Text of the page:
Headline: Kōji-based brewing to be proposed as a UNESCO intangible cultural heritage

Despite the widespread problems caused by the novel coronavirus over the last two years, from my limited perspective there seems to be an increase in online activity and visibility from some sake breweries, and also in information being put out on social media and online in Japanese.

One new-ish source is Sake Street, on Twitter in Japanese as @SAKE_Street_JP and in English as @SAKE_Street_EN. They recently had an article (I think in JP only) about sake brewing outside Japan, and one of the people who replied was Shoya Imai, tōji at WAKAZE in Paris (@shoya_imai).

Imai’s reply on 11 February 2022 centred around the effects of the pandemic on his brewing operation in suburban Paris. 

After commenting that this was the most passionate article he had seen about sake brewing overseas in years and that he was delighted WAKAZE Paris featured in it, Imai went on to add some information about the foundation and development of the brewery.

He first notes that the pandemic has accelerated the process of sake becoming popular overseas. The Kura Grand Paris was founded in 2019 and saw the urban lockdowns put in place at the height of French restrictions. Japan’s entry ban meant it was impossible for aspiring brewers to learn to brew sake there, and the Paris brewery has seen a string of talented people hoping to learn from them instead.

If WAKAZE had not set up in Paris before the pandemic, Imai muses, those people would have had nowhere to go and might have given up. And the resulting lack of European brewers could have put back the development of sake culture in Europe by up to a decade. But they were set up in time and now there is a concentration of skilled people on the ground.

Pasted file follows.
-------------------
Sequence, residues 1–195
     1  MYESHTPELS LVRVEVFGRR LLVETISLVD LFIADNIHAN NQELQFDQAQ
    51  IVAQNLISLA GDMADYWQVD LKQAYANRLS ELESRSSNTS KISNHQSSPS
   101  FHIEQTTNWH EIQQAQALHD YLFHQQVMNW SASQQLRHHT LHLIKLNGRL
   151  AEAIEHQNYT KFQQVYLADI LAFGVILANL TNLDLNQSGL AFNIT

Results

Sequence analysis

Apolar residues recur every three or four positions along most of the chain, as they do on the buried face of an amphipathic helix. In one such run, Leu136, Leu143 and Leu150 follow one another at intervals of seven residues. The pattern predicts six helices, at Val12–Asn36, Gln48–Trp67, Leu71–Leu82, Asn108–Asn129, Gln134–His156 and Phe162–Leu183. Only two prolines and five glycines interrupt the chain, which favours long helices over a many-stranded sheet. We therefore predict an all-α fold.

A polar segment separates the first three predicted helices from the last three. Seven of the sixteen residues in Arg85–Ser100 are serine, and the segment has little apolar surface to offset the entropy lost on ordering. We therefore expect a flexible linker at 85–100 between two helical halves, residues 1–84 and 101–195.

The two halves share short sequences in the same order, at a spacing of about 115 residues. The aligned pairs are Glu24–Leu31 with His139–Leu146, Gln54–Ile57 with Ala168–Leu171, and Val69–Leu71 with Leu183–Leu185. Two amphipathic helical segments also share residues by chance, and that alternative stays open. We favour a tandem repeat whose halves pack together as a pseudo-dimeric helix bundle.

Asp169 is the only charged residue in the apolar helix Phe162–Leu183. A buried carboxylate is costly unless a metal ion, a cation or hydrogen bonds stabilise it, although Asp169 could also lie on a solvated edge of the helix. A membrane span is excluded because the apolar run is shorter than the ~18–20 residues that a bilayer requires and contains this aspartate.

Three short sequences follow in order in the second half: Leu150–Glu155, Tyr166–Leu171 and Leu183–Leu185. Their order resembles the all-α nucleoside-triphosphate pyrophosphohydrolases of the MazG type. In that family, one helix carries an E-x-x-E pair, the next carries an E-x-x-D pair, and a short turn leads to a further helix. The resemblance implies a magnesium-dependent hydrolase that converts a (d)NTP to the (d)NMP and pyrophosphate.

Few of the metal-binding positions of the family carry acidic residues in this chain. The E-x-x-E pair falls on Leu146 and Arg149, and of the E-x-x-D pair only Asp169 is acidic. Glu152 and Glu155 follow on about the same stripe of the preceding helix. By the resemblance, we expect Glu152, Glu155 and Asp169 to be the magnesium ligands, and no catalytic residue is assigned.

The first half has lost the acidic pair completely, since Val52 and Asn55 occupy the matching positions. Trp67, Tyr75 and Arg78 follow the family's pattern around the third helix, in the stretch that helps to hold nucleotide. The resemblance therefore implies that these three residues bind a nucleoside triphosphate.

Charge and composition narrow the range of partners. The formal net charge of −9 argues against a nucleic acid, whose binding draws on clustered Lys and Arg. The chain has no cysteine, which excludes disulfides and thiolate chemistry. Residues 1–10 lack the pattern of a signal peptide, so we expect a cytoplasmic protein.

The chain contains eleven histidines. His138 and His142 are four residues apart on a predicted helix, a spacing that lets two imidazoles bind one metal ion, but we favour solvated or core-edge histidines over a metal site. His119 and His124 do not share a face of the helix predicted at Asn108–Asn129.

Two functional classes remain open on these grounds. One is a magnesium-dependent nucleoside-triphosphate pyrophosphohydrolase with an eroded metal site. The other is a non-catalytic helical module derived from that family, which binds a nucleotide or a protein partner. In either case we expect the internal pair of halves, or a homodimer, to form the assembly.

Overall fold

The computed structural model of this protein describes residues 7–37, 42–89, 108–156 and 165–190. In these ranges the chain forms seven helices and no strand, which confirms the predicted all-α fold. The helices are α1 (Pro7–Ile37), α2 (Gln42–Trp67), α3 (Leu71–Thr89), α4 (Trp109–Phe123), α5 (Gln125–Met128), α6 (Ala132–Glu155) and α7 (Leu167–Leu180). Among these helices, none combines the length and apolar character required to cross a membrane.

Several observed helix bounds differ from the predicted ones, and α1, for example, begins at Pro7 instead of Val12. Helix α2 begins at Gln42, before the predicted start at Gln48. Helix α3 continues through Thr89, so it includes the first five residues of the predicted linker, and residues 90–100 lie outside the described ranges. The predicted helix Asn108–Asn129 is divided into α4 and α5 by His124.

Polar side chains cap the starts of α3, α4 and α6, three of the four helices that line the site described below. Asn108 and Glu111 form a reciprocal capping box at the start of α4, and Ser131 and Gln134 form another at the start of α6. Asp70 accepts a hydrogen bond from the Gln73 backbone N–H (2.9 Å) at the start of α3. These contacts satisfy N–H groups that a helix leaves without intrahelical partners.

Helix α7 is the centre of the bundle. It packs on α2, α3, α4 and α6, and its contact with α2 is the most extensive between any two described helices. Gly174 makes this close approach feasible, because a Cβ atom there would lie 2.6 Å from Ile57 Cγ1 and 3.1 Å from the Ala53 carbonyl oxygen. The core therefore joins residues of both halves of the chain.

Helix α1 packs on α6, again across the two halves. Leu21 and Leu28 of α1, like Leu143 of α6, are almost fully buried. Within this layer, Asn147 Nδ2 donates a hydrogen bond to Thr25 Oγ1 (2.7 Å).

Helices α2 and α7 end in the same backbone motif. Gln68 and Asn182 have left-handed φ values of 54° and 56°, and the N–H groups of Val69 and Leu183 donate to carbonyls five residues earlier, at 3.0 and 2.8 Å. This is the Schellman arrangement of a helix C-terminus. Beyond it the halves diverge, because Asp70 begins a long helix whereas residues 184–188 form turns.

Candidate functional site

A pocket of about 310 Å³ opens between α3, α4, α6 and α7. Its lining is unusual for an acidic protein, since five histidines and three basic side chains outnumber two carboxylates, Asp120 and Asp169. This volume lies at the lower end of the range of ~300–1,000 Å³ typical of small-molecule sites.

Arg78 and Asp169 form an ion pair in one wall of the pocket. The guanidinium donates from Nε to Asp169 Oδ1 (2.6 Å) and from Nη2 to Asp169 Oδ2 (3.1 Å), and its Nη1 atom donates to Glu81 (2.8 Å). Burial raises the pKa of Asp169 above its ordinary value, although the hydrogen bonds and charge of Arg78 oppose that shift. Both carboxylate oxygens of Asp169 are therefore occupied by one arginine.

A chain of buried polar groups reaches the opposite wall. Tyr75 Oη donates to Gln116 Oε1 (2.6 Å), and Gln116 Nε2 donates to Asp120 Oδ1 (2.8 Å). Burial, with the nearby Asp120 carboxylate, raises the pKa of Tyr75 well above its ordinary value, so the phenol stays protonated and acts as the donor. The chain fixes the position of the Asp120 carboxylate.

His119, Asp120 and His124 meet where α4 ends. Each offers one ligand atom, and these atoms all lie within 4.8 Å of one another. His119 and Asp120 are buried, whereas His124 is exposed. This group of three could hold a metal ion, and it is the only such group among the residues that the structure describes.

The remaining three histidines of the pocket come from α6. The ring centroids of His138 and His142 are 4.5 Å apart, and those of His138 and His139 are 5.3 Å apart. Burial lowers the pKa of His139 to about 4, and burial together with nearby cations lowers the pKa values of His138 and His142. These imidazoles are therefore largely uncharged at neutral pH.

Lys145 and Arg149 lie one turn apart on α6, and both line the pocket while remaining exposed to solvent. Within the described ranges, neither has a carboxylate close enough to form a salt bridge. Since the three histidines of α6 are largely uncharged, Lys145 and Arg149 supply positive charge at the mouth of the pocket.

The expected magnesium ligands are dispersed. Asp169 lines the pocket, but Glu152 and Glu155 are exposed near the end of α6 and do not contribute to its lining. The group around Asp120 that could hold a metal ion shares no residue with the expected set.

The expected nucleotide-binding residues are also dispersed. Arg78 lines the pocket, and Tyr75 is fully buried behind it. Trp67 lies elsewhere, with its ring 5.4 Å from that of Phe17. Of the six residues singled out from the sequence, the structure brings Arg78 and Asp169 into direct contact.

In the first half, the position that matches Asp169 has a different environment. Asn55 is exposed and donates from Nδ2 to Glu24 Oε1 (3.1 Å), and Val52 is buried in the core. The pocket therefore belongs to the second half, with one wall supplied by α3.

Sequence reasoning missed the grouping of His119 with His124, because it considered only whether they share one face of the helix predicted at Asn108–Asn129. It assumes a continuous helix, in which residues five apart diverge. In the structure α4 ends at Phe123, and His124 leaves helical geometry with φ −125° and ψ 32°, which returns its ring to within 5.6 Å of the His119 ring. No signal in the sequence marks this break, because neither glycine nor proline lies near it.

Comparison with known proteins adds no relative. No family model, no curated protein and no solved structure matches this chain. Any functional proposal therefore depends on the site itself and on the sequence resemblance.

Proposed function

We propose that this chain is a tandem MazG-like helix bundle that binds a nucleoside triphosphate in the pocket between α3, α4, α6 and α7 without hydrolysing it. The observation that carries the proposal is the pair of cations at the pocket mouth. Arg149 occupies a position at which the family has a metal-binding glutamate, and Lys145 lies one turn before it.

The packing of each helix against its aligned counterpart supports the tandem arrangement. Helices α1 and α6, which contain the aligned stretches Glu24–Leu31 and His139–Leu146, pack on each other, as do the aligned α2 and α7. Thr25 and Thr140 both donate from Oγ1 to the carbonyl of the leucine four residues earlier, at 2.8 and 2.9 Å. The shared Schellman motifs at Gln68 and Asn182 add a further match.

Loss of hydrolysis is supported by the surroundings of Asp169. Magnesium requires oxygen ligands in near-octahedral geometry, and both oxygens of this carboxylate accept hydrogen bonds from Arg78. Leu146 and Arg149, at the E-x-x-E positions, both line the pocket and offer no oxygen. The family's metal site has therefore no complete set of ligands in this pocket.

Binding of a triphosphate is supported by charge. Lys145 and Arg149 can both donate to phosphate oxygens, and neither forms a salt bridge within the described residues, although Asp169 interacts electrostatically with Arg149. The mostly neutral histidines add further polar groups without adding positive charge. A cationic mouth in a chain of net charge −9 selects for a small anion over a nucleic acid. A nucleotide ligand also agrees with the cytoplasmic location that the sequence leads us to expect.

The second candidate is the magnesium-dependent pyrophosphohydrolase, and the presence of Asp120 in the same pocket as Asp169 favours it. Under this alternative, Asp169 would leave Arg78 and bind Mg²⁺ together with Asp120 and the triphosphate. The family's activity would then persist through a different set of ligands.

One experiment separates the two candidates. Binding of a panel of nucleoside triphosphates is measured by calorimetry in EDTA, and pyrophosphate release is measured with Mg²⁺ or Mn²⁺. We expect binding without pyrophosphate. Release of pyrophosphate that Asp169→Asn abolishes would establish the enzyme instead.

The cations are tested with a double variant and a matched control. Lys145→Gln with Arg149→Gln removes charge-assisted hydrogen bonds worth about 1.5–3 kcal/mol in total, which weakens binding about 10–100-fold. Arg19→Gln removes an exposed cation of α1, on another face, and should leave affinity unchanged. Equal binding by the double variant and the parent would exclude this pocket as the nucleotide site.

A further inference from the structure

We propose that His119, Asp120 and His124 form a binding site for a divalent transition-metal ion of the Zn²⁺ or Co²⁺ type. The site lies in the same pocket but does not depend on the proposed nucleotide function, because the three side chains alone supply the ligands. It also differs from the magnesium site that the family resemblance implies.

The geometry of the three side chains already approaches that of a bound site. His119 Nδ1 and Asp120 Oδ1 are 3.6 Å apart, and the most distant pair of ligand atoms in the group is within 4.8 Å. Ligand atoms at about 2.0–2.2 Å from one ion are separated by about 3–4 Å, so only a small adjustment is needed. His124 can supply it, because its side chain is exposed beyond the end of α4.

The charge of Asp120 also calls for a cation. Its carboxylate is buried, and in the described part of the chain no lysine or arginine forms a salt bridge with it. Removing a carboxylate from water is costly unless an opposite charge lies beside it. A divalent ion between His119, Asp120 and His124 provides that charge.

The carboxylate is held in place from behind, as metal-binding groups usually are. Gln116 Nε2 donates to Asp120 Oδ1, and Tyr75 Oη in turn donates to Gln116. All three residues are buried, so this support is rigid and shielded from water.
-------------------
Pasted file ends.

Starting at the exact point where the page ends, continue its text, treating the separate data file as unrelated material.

Imai predicts that brewers in different European locations will concentrate on overcoming or adapting to local conditions and produce sake in a “craft” style, rather than what Japanese people might think of as nihonshu or typical production processes. He also thinks people will have more time to enjoy fermenting at home, and that more home fermentation equipment will be available.

And the same goes for the business side. People who want to drink sake will team up in their local areas, developing the market and accelerating product development. He points out that WAKAZE is already manufacturing together with their customers, as seen with the LAB series of products from the Tokyo Sangenjaya and Paris breweries. Being close to their market means they can manufacture at speeds impossible for anyone at a distance.

Imai also acknowledges that WAKAZE benefits from sharing their experience of brewing in Japan with people in France, crediting exchange of information with the development and enhancement of new techniques. He compares it to the partnership between Hakkasan and Brooklyn Kura and the resulting speed of cultural development, and calls for more openness and connection.

He points out that the Kura Grand Paris didn’t spring up out of nowhere, and acknowledges everyone who supported him, including technical support from Yamagata Prefecture, where WAKAZE was founded, and exchanges between French and Japanese brewers that not only transferred technical skills but also provided motivation for those brewing sake in France.

Imai names some Japanese breweries and laabels that helped WAKAZE, such as Sohomare, Nanbu Bijin, Tentaka, Kaze no Mori, Tsuchida, Niida Honke, Abe and Zaku. And he hopes to not just be grateful, but also return the favour by inspiring them with a reverse flow of French ideas.



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